Knowledge deficit among doctors, dieticians keeps role of nutrition neglected in intensive careMay 10, 2022
The concept of optimal nutrition, a key element in critical care, is still grossly neglected in the intensive care units in most Indian hospitals mainly due to lack of awareness among the hospital staff including doctors and dieticians. While the requirement of nutrition support at the optimum level is important for early and timely recovery of critically ill patients who are under treatment, this is often not considered as a priority in the country as the medical curriculum does not include this area as a serious study or training material, reveals experts who participated in the latest Nutrition Boot Camp organised in Mumbai.
The 6th Edition of Nutrition Boot Camp-2022 organised as part of a clinical education programme supported by the Indian Society for Parenteral and Enteral Nutrition, S.L.Raheja Hospital and DocMode Health Technologies was attended by 300-plus delegates including physicians, intensivists, surgeons, registered dieticians and physicians from other medical specialists.
“Physicians and registered dieticians in our country do not get adequate exposure to nutritional aspects of critical care during their training period. Understandingly, nutritional needs of critically ill patients continue to be neglected,” says Dr. Sanjith Saseedharan, chief organiser and scientific lead of the Nutrition Boot Camp, and Head of Critical Care Department at S.L. Raheja Hospital, Mumbai.
“However, the practice of nutrition has seen a big change in the last two to three years as Covid-19, in particular, brought home how nutrition could make a crucial difference in survival and good functional outcome,” added Dr Saseedharan.
Studies have revealed that up to 50 percent of patients after critical illness do not survive for more than 1 year, and only 70 percent reach optimal functional recovery after 5 years in India. Recent pre-clinical and clinical studies provide more insights into the role of nutrition and what it does to one’s body and how the body reacts. Numerous biomarkers, the doctor said, are being developed to study subgroups of patients and how they could benefit from targeted nutrition in an ICU setup.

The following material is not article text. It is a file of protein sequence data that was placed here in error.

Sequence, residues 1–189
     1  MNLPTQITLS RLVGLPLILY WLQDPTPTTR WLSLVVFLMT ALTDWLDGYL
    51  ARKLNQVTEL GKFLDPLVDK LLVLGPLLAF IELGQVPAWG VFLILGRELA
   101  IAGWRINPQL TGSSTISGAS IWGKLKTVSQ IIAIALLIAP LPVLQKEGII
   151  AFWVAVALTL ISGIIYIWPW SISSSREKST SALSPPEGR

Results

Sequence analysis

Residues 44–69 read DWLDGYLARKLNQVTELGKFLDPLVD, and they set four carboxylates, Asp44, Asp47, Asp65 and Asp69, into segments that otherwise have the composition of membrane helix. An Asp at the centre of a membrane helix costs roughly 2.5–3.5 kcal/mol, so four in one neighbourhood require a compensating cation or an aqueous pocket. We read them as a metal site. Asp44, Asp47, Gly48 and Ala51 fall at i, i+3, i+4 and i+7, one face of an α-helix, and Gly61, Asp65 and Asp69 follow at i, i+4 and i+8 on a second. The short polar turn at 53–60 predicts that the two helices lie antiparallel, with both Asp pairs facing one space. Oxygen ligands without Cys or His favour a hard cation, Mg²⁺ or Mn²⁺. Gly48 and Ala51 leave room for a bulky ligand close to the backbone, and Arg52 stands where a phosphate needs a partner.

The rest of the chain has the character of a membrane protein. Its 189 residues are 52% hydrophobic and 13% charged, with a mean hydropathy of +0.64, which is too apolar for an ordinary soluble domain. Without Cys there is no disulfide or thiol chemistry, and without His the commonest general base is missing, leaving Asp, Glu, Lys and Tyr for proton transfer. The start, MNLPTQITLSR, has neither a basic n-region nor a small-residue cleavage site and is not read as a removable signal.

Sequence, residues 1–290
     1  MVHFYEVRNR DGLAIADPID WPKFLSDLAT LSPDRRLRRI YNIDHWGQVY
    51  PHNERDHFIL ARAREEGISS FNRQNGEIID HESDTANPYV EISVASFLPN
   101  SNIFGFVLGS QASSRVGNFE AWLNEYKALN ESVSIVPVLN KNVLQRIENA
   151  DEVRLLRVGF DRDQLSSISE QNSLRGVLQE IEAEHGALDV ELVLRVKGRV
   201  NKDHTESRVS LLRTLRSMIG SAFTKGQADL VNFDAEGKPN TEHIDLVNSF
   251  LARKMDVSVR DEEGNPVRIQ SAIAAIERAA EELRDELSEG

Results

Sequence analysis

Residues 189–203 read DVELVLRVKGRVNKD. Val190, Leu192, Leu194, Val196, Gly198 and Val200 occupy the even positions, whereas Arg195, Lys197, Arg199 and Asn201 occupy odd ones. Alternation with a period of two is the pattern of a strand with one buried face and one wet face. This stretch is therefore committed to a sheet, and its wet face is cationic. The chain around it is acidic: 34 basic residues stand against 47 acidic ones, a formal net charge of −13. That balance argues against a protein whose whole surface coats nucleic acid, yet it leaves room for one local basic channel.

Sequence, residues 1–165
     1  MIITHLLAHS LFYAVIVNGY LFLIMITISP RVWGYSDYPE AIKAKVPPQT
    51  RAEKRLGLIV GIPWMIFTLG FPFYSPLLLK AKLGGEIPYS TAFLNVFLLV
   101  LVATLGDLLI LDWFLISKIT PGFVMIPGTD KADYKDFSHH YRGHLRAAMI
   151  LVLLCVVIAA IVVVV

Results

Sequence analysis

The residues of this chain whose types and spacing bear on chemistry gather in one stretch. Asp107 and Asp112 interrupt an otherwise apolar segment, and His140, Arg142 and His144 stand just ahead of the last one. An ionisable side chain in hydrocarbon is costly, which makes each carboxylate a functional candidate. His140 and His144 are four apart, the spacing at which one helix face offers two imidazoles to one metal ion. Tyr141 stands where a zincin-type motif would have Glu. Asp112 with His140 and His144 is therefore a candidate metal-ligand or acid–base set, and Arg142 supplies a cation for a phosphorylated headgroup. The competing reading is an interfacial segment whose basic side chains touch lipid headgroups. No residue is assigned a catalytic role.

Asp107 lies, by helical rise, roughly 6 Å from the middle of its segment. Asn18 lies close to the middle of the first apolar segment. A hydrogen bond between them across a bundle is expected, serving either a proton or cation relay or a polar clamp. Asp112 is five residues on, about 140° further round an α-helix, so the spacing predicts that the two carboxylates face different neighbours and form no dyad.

“Nutrition practice, though, has been subjected to a paradigm shift in the last couple of years from “feed as much as we can” to “feed what is required. The emphasis now is to personalise nutrition and use it as a therapeutic modality to ensure good, long-term outcomes,” say experts.
Arriving at the nutrition needs of critically ill patients in the absence of correct assessment of pathophysiology and disease progression is a challenge. However, according to participants, the Boot Camp has helped them get hands-on experience in best nutrition practices. Besides, they also got a feel of the best equipment that helps in the conduct of critical care nutrition more objectively. Although these validated devices are commonly available and installed in most healthcare setups abroad, they are rare in India.
The Boot Camp also witnessed the release of a book titled “MCQs in Critical Care Nutrition”, authored by Dr Saseedharan. The book, which comprehensively addresses the critical role of nutrition for the early recovery of critically ill patients, is an honest attempt to answer the most frequently asked questions on this topic, according to the author.
“The Camp equipped the delegates with up-to-date knowledge on the nutritional needs of critically ill patients and how they can be administered safely, which is emphasised in the book authored by Dr. Saseedharan,” said Hans Lewis, founder, DocMode Healthcare Technologies, the official knowledge partner of the event.